Saturday, August 21, 2010
D'Alessandro inspires Internacional to the Copa
In the end, it was a bit too much to hope for. Guadalajara - a.k.a. Chivas - had a first-leg deficit to overturn and were playing away from home in Wednesday night's second leg of the Copa Libertadores final. The first leg defeat in their brand new Omnilife Stadium was only by two goals to one, and with away goals not counting in the final there was always going to be hope, but in the end Internacional outclassed their opponents just as much as they had in the first leg a week before.
That both legs only ended in a single-goal win for Internacional (2-1 in the Guadalajara match, 3-2 back in Porto Alegre on Wednesday) seemed something of an anomaly. In the first leg in particular, they were utterly dominant. In both matches though, it was Chivas who struck first. For the first half of the first leg, Chivas barely got out of their own penalty area, or so it seemed, and Inter hit the woodwork twice, but from a counter, Adolfo 'Bofo' Bautista flicked a beautiful header over Renan in the Inter goal and, with seemingly their first attempt on goal, Chivas had taken the lead with practically the last touch of the half. In that match, Inter roared back in the second half to win 2-1, with former Wolfsburg and Portsmouth playmaker Andres D'Alessandro given the man of the match award after an outstanding performance.
In Wednesday's second leg, Chivas again took the lead shortly before half-time, to level the aggregate score at 2-2. That half had been a little more even, but it was still had to understand how Chivas were still in the tie but for good fortune. In the second though, Inter finally blew them away in the manner they deserved to have done beforehand.
They did so with fantastic goals. The Copa Libertadores hasn't been a classic this year, but at least it was settled by two strikes worthy of winning any trophy. Rafael Sobis equalised - and put Inter 2-1 up on aggregate - with a toe-poke, but the two that followed were great goals. Substitute Leandro put them 2-1 up on the night with 15 minutes to go, stabbing the ball past two markers in midfield and racing clear to poke it past the goalkeeper, before Giuliano, the young midfielder, produced a brilliant finish to end an Inter counter. Omar Bravo's goal with almost the last touch after Bautista had slammed a shot against the bar was too little, too late; the aggregate score was 5-3 to Inter.
With six goals in this year's Copa, mostly from substitute appearances, it's not hard to see that 20-year-old Giuliano is a great prospect. Especially considering his goals were scored from midfield, in many cases after coming off the bench. Even more impressive, though, was D'Alessandro. Any Argentine playing in Brazil has to have some backbone, and he's shown that in abundance, especially in a magnificent Copa campaign which culminated, on Friday, in a recall to the Argentine national team by interim coach Sergio Batista for the friendly against Spain on September 7.
He (and Inter defender Pablo Guinazu) was almost Argentina's only interest in the competition since Inter put last year's winners Estudiantes out in the quarter-finals, and after Seba Veron's key role in last year's triumph for Estudiantes, another Argentine playmaker has pulled the strings for the new champions. It's a reminder that the Copa can be a great stage for some of football's more maverick players to perform on.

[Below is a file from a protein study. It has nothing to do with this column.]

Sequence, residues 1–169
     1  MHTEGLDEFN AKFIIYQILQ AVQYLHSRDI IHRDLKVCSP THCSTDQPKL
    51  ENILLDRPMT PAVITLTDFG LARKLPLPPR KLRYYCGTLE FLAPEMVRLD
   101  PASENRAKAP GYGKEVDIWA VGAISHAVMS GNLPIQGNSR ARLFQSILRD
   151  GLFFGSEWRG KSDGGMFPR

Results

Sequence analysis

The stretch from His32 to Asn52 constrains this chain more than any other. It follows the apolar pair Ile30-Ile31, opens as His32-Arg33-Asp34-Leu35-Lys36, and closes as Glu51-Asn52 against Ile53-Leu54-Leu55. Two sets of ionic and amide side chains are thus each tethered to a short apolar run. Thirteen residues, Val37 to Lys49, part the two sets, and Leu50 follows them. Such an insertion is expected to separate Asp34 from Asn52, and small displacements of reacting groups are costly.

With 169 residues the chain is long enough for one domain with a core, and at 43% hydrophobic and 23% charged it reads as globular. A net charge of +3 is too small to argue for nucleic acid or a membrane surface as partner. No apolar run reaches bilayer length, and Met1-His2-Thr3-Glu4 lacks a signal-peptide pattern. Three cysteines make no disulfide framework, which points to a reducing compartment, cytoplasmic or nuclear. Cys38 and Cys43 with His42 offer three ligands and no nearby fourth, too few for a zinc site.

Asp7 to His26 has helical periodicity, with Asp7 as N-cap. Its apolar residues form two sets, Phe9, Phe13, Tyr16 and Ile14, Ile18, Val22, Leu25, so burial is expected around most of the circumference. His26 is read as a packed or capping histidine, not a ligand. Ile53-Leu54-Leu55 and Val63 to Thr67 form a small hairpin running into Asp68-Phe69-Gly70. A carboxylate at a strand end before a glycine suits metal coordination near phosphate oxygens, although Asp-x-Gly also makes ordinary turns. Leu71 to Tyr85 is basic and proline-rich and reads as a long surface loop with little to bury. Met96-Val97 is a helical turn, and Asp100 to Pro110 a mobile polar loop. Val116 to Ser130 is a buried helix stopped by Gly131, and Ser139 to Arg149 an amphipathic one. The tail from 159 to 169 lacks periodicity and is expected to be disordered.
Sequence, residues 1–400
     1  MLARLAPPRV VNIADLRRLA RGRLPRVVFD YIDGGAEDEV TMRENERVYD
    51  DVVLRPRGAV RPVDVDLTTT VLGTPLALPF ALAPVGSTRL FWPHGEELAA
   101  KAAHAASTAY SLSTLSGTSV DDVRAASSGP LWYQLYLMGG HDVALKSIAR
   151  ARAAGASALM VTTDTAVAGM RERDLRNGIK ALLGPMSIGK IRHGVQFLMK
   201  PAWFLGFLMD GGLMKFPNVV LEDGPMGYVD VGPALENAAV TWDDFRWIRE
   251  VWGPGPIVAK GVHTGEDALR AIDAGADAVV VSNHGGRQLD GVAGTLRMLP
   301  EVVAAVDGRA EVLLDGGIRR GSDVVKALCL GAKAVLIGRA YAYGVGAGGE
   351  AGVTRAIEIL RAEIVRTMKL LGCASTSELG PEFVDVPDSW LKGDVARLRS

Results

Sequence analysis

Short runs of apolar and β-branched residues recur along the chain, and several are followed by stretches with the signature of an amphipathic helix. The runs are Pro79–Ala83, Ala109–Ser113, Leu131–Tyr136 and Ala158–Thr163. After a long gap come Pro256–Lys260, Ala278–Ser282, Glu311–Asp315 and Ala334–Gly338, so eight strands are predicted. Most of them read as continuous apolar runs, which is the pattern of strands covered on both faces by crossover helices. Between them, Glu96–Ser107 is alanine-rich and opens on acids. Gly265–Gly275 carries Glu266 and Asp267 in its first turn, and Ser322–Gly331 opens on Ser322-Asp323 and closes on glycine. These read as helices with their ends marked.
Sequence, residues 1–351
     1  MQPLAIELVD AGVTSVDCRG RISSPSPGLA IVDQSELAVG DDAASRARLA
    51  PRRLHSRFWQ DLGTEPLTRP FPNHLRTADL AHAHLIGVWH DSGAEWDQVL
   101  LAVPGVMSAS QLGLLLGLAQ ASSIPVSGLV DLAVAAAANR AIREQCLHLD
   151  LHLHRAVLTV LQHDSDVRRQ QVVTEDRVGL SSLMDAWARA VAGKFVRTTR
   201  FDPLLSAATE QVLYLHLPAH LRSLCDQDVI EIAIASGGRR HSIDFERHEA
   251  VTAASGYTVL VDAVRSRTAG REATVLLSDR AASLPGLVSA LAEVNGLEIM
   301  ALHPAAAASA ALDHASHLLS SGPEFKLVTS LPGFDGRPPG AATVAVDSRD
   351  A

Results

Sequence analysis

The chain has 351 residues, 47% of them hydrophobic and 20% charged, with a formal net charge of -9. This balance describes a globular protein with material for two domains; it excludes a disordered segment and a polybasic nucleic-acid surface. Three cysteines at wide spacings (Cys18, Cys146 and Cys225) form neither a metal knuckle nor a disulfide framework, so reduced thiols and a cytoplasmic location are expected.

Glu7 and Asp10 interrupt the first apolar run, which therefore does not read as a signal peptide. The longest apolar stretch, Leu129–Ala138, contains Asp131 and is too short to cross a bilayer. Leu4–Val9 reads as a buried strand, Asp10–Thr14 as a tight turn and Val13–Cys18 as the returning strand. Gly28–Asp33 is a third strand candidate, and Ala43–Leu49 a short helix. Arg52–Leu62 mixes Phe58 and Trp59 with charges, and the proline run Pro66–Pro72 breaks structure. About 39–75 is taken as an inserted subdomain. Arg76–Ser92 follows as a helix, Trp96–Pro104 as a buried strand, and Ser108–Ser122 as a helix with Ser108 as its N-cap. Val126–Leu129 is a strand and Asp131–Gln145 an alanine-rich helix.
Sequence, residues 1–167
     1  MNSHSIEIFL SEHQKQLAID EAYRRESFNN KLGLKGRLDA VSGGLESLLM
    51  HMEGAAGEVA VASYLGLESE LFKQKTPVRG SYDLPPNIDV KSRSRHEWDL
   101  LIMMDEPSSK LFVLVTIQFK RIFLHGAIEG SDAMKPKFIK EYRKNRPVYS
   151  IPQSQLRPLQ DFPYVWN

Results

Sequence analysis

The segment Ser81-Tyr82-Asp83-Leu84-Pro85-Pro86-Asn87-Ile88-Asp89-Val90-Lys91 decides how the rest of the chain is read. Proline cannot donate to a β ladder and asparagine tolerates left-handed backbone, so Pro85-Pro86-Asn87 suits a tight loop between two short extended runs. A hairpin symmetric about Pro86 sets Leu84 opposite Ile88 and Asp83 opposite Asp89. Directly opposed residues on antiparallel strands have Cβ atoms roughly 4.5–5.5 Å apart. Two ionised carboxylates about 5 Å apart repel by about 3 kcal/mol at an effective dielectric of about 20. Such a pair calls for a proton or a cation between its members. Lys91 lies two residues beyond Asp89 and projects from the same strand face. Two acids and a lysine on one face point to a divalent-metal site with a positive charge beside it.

From Juan Roman Riquelme in the early part of the decade (and his glorious return in 2007), through Rogerio Ceni's unorthodox, penalty-taking approach to goalkeeping for Sao Paulo - winners in 2005 and runners-up the following year - and Veron stepping out his father's shadow last year, there's a place for you in the Copa if you've got talent, even if, as is certainly the case with Riquelme and D'Alessandro, you might not have the most level head in the world.
Premier League watchers might well struggle to understand, after his half-season cameo for Portsmouth helped them avoid relegation in 2006, why D'Alessandro found it so hard to pin down a regular place for a European club, but he once frequently found it difficult to get on with managers and even club directors. In that respect, he's more than a little like Riquelme. Back in South America, though, he's been great first for San Lorenzo and now, for the last two years, for Inter. He's a delightful player to watch when in the mood, and his recall to the Argentina set-up is thoroughly deserved.
Inter's strength in depth, too, has been formidable, far beyond D'Alessandro and Giuliano's important roles. Rafael Sobis returned from the Middle East for the semi-final, and has slotted straight back into the side he left after winning their previous Libertadores, in 2006. Also coming in at the same stage was Celso Roth, who replaced Uruguayan Jorge Fossati as manager after the latter was sacked following poor performances in the state championships.
Like D'Alessandro, Roth is also enjoying a spot of reinvention. Previously, he was seen in Brazil as a coach who struggled to bring home trophies, often starting well at new clubs but not quite managing to deliver the goods. Now he's finally got a major trophy to his name, he'll be hoping to move the club up from their current 7th place in the league - they're just one point behind 3rd placed Avai - and finish the year strongly. December, and the chance to play close namesakes Internazionale in the Club World Cup, beckons. For D'Alessandro, Giuliano (if he stays), Roth and company, it's been a memorable campaign for so many reasons.